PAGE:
There is no doubt that Jesus took great joy in fulfilling the prophecy in Isaiah 52:7:  “How beautiful on the mountains are the feet of those who bring good news, who proclaim peace, who bring good tidings, who proclaim salvation, who say to Zion, ‘Your God reigns’!”

Shalom is a full banquet of peace, but we are given by God a taste of that peace now, an hors ‘doeuvre before the full meal. Peace is something promised to us this side of the wedding banquet. God offers to give us a measure of peace now, a foretaste of our life in the New Jerusalem. This earthly peace is all a taste of the soul-satisfying peace awaiting us, a nibble of the eternal fruit of the Holy Spirit. This is the peace that goes so deep it is beyond human understanding. (Phil. 4:7). “I leave the gift of peace with you – My peace. Not the kind of fragile peace given by the world, but my perfect peace.” (John 14:27). “Everything I’ve taught you is so that the peace which is in me will be in you, and will give you great confidence as you rest in me. For in this unbelieving world you will experience trouble and sorrows, but you must cheer up and be courageous, for I have conquered the world!” (John 16:33, TPT). In heaven, there will be peace in the valley, a valley no longer in the shadow of death, but shining in the light of life.

The Song of Simeon as an Evening Prayer. 

“Lord, you now have set your servant free, to go in peace as you have promised;

For these eyes of mine have seen the Savior, whom you have prepared for all the world to see.

A light of revelation to the nations, and the glory of your people Israel.”  (Luke 2:28-32).

This Song of Simeon provide the concluding words of the Compline, the nightly service of prayers before retiring for bed. This prayer is recited or sung faithfully on a nightly basis by Christians around the world. Simeon was an old saint who was promised by the Lord that he wouldn’t die without first seeing the long-awaited Messiah. He patiently prayed to that end, and finally the Holy Spirit led him one day to the baby Jesus in the Temple. Simeon cradled the baby Messiah in his arms and spoke these inspired words of blessing over Him.

Simeon’s words at the end of his life are also our words at the end of the day. For we have seen the light and glory of Jesus in our day. We have seen His power and His presence. Thus we can also pray these words of Simeon before our head hits the pillow… We can rest in peace knowing the Messiah has been revealed to all the world. Our spirit has been set free just like Simeon, and we can depart this day, if not this world, in peace.

Night Prayer.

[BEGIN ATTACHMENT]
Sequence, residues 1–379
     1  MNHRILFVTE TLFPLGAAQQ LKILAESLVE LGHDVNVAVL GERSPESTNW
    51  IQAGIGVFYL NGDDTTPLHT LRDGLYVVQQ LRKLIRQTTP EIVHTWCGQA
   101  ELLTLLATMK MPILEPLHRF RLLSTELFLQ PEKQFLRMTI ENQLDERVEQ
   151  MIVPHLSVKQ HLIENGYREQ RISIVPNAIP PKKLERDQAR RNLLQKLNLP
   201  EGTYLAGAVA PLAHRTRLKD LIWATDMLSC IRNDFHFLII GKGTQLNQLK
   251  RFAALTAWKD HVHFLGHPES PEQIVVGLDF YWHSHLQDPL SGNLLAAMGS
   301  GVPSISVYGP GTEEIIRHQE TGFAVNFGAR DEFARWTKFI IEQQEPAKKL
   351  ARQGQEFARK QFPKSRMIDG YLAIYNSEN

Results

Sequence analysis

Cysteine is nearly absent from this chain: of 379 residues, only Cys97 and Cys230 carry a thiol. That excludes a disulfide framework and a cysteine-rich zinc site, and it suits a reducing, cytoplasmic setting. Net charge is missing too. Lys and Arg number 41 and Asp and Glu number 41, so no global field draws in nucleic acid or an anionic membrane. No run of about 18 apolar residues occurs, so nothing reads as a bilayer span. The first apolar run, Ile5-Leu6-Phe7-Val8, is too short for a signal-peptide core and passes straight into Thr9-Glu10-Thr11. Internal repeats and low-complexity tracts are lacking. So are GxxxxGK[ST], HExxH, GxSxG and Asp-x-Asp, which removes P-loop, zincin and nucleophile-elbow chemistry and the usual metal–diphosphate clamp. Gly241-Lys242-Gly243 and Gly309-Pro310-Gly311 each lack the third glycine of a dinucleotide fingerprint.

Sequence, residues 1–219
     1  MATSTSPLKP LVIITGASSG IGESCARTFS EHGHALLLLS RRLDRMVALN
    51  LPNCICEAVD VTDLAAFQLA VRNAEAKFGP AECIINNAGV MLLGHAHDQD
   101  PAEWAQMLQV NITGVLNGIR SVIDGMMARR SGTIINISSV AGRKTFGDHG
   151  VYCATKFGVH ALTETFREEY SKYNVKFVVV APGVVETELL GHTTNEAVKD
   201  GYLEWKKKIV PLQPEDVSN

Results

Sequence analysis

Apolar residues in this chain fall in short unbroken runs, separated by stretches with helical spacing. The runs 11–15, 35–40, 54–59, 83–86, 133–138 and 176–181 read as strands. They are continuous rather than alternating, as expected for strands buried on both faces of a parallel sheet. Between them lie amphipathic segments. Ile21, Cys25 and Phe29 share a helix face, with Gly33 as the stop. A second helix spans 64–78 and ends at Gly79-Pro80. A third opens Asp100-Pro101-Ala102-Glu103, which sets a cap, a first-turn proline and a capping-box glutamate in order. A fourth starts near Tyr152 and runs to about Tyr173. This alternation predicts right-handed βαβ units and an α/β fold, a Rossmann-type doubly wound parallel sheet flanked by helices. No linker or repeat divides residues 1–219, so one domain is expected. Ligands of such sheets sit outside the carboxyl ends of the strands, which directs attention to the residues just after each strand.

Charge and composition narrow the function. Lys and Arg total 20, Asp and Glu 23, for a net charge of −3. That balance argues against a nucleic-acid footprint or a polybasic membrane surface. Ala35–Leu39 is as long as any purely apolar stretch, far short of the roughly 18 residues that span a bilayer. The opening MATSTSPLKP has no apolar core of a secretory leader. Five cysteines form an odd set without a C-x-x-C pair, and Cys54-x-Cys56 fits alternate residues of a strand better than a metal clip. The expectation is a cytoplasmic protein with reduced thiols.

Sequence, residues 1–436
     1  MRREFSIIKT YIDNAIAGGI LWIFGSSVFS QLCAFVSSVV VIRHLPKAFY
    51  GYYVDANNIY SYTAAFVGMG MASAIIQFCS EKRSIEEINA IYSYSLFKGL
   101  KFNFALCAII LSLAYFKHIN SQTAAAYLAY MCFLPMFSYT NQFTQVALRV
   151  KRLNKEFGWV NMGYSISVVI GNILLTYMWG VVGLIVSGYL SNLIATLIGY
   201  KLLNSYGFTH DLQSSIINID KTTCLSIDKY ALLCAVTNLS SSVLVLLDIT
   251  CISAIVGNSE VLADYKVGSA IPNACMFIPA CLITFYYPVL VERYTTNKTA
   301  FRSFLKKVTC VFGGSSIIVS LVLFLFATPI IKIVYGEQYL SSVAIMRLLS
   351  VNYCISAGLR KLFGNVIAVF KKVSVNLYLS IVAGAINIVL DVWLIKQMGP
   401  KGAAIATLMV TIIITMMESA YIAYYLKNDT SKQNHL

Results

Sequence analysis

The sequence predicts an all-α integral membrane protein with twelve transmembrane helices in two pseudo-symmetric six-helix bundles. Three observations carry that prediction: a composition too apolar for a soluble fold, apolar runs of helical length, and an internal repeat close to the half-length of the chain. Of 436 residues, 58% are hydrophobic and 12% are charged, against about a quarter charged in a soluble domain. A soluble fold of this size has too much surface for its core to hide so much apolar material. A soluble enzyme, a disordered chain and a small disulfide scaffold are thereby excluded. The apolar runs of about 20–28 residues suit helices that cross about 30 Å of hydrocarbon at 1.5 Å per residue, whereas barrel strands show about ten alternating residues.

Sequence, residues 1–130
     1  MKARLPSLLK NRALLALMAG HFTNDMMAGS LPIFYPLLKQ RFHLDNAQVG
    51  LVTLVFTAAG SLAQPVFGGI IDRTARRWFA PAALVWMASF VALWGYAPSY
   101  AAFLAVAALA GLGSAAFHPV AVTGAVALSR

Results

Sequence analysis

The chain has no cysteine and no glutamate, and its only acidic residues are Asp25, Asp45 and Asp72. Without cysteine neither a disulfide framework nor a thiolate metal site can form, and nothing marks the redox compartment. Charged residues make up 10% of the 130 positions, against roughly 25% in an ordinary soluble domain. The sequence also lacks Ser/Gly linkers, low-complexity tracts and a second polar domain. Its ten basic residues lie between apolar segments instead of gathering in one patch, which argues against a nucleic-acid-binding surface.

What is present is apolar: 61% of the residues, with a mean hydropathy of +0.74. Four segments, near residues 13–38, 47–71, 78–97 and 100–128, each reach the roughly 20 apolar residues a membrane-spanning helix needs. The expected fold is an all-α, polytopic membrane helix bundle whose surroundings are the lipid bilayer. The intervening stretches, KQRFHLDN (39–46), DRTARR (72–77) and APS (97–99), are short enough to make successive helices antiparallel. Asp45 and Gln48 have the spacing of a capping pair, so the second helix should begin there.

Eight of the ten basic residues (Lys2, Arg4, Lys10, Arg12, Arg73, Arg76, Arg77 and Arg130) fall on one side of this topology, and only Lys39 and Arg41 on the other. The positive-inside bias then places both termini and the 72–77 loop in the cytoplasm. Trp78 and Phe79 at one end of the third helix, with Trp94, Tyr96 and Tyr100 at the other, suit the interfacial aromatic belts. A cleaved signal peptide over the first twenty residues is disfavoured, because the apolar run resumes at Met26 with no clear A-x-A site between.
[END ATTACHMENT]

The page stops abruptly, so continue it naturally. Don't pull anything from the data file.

“Guide us waking, O Lord, and guard us sleeping; that awake we may watch with Christ, and asleep we may rest in peace. Amen.”  (concluding prayer of the Compline).

“Night Prayer” is another name for the Compline, a service of evening prayers said before going to bed. It was probably first officially formed by St. Benedict of the 6th century when he established his monastic communities in Europe. The Compline is a part of the formal prayers in most liturgical churches, including Roman Catholic, Orthodox, Lutheran, and Anglican.

And asleep we may rest in peace.

We all need rest in many different ways. Sometimes we need mental rest, other times physical rest. We also require emotional rest at times. The rest that puts it all together is blessed sleep. To rest in peace is probably on everybody’s lips as the head hits the pillow. When we sleep, the metabolism slows down, our brain activity decreases, our body gets a needed break, our emotions can take a step back. God designed our bodies to require that kind of complete rest at regular intervals. And sleeplessness will always lead to complete breakdown sooner or later. For those unlucky enough to find sleep elusive, a solution to that dilemma needs to be found before long. The first thing to do if sleepless is to pray about finding a peaceful rest. And then the sleepless party needs to discover what is causing the sleeplessness, whether it’s diet, or lifestyle, or a restless mind, or a troubled heart, or even a biochemical imbalance in the brain. But first pray for the peace that passes understanding. Pray for the grace that is rest. “Find rest, O my soul, in God alone; my hope comes from Him.” (Psalm 62:5). “I will lie down and sleep in peace, for you alone, O Lord, make me dwell in safety.”  (Psalm 4:8).